Page was yanked by Wilkinson and replaced by sophomore Mike Ringer. Using Looney, Larry Shields and Lance Rentzel as his runners, and Grisham as a blocker deluxe and decoy, the young signal-caller directed the versatile offense down the field. Shields picked up 12 yards in a pair of runs, Rentzel had 17 yards on three carries, and after a double reverse, Looney went off tackle for 19 yards and pay dirt. George Jarman kicked the extra point that made it 7-0 at the 10:44 mark of the opening period.
After Brown returned the ensuing kickoff 30 yards to the USC 33, the Trojans then went to work behind Beathard. He guided the team down the field, highlighted by Garrett's 21-yard burst over the guard. Beathard then rolled out for 11 yards, coming up just short as the ball was at the Oklahoma one, but an unsportsmanlike penalty gave the Trojans another half-yard. From there, fullback Ernie Pye dove over the goal line, but the failed kick left the Sooners with a one point lead, 7-6.
In the second period, Ringer's four-yard run capped a ten-play drive, and Jarman's kick made it 14-6 in favor of the visitors. The Oklahoma offense kept on rolling, adding 30 more yards, but the USC defense finally stiffened, and Jarman kicked a 43-yard field goal, the longest of his career, to put the Sooners up, 17-6. That was the way the first half ended.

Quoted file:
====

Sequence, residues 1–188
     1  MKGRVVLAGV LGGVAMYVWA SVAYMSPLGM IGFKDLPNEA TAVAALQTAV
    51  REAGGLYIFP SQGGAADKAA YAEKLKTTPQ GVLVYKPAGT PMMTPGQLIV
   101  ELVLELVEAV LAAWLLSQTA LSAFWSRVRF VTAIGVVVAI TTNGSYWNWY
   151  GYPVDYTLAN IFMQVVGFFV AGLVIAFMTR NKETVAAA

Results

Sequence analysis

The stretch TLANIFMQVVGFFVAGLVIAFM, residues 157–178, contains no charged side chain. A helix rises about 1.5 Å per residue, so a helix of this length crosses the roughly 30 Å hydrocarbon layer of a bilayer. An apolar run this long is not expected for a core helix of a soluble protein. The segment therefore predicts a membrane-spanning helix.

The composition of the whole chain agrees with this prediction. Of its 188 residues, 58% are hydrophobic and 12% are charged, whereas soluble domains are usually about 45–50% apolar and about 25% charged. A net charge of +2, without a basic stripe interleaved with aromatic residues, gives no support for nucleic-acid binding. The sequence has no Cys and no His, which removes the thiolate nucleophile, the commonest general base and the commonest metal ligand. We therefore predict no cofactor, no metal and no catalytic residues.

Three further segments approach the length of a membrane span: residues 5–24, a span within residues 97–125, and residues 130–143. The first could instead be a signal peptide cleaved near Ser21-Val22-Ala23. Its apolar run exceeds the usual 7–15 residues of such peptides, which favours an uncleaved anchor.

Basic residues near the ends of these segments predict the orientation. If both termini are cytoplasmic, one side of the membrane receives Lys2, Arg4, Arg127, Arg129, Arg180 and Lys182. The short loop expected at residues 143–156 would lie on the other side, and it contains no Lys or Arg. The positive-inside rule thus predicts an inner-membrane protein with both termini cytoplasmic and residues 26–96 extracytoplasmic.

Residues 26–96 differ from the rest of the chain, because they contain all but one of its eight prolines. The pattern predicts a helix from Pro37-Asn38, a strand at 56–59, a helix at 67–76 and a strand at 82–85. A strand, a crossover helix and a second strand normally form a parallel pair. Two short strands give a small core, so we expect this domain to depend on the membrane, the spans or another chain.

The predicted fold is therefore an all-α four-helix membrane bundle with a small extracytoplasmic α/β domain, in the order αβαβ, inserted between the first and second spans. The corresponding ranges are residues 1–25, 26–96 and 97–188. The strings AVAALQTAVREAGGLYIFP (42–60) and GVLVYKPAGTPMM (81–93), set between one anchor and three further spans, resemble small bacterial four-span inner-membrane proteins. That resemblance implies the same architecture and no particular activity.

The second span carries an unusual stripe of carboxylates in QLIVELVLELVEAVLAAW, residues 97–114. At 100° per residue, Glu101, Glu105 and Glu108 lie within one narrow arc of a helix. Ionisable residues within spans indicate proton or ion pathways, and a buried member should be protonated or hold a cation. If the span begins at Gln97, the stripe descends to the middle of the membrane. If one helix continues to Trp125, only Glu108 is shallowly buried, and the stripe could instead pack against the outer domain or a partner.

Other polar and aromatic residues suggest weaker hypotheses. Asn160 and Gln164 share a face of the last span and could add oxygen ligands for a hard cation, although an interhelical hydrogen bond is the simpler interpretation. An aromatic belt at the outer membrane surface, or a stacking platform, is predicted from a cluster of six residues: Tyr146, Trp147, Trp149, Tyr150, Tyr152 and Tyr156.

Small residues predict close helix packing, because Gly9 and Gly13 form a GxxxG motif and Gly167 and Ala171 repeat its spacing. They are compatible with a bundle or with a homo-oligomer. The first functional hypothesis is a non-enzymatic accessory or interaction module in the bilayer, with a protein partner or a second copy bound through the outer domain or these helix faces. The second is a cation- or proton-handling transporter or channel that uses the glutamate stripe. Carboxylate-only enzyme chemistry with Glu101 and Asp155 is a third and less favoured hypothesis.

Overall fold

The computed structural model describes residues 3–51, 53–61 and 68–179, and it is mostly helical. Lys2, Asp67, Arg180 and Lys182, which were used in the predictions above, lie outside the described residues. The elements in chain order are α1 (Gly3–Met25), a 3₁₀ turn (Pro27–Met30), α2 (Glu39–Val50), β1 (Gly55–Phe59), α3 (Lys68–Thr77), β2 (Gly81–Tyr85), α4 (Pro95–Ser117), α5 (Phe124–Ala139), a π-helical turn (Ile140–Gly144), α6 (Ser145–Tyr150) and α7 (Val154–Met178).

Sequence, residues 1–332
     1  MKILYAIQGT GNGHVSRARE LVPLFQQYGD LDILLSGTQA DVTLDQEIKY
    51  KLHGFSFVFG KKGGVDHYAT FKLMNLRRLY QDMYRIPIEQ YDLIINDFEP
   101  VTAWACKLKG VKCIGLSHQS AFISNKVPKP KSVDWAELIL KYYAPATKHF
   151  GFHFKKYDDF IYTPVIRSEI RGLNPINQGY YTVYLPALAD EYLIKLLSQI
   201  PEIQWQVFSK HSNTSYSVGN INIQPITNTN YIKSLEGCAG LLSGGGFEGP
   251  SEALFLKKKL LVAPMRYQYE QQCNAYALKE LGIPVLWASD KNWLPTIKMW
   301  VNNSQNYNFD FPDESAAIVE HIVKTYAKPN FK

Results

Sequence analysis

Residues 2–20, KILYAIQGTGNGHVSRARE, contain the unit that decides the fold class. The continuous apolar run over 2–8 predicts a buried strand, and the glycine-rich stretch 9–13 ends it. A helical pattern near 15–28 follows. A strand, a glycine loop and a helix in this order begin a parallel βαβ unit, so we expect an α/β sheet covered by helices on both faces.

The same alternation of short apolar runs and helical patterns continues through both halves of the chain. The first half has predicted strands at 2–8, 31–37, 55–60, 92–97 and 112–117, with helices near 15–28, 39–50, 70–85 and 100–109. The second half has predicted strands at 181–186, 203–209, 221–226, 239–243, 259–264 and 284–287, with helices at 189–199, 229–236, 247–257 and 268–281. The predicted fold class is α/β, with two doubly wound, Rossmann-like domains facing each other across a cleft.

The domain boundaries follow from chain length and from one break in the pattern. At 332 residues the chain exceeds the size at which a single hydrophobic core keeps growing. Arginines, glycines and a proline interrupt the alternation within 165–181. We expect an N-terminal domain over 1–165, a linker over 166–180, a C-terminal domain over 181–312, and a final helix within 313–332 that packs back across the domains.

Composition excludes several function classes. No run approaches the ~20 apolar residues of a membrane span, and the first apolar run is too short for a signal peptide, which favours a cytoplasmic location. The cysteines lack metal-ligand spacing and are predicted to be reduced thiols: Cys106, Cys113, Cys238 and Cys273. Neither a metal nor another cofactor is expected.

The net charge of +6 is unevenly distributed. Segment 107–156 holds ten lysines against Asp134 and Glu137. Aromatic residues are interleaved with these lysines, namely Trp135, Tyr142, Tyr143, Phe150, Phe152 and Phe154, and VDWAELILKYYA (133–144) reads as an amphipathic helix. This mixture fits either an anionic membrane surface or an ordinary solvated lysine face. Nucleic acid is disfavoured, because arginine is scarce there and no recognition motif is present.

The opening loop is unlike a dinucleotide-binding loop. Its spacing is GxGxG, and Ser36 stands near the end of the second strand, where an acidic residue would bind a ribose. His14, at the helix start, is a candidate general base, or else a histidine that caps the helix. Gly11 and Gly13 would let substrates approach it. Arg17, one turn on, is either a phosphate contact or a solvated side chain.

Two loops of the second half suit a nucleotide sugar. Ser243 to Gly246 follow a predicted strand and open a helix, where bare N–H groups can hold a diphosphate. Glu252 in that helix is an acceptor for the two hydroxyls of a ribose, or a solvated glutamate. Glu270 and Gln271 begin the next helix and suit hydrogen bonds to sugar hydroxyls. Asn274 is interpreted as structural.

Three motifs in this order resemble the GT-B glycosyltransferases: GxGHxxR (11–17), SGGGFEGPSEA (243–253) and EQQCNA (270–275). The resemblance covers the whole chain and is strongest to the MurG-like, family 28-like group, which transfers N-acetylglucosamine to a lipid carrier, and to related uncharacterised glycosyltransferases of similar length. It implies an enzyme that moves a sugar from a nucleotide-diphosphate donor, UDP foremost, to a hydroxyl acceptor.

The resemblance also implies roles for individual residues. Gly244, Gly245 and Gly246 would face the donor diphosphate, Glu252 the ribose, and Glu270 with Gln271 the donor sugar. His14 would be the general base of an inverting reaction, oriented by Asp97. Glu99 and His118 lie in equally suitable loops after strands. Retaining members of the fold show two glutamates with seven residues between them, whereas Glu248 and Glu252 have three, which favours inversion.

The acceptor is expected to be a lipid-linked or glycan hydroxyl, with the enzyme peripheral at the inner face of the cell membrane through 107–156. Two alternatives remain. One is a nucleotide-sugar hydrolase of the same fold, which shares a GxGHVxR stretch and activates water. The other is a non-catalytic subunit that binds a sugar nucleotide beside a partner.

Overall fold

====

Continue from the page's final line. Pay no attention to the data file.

The crowd sat in almost disbelief as the Sooners had dominated the first 30 minutes. They had rung up seven first downs before the Trojans had even got one. They had run and passed the Troy defense into the ground, and even came up with tricky double reverse runs and passes to bamboozle USC.
In the second half, a temper outburst flared when Oklahoma's Jackie Cowan returned a punt 37 yards and was vigorously knocked out of bounds by Bedsole. Cowan got up and objected to the delivery by throwing the ball at Bedsole, hitting him in the back. Unfortunately, the display cost the Sooners a 15-yard penalty.
The incident seemed to fire up the Trojans, and a drive started at their own six. They moved down the field in nine plays, which featured Beathard to Brown passes ten and 11 yards, and Garrett's darting runs of 15 and 17 yards. From the one, Brown capped the 94-yard march on the tenth play by taking a pitchout and sweeping around the left end for a touchdown. USC went for two points, but Beathard's pass attempt failed, and the Sooners still led by five, 17-12.
But time ran out on the Men of Troy as the alert Oklahoma secondary, notably Virgil Boll, Charlie Mayhue, and Cowan, bottled up Beathard and his pet receiver, Bedsole. Oklahoma had been hotter than the weather, as Wilkinson's team had held on gamely to emerge with a 17-12 victory.
It had been feared that the players would bog down in the extreme heat, but it was not the Sooners who needed extra water and salt tablets. They rang up 27 first downs to USC's 16, and they accumulated 307 rushing yards and 360 total yards to the Trojans' 121 on the ground and 237. Looney led the attack with 62 yards on 12 carries, and also had a 52-yard kickoff return, and was selected as the back of the game by the writers. USC's Bame was chosen as the outstanding lineman.
Oklahoma's victory propelled them over Alabama and into #1 in the AP poll for the first time in almost exactly five years, since September 29, 1958. The Sooners had two weeks before their annual rivalry game with Texas, who had moved up to third in the poll behind the Crimson Tide. Meanwhile, USC fell to #8.
Source: Jeff Linkowski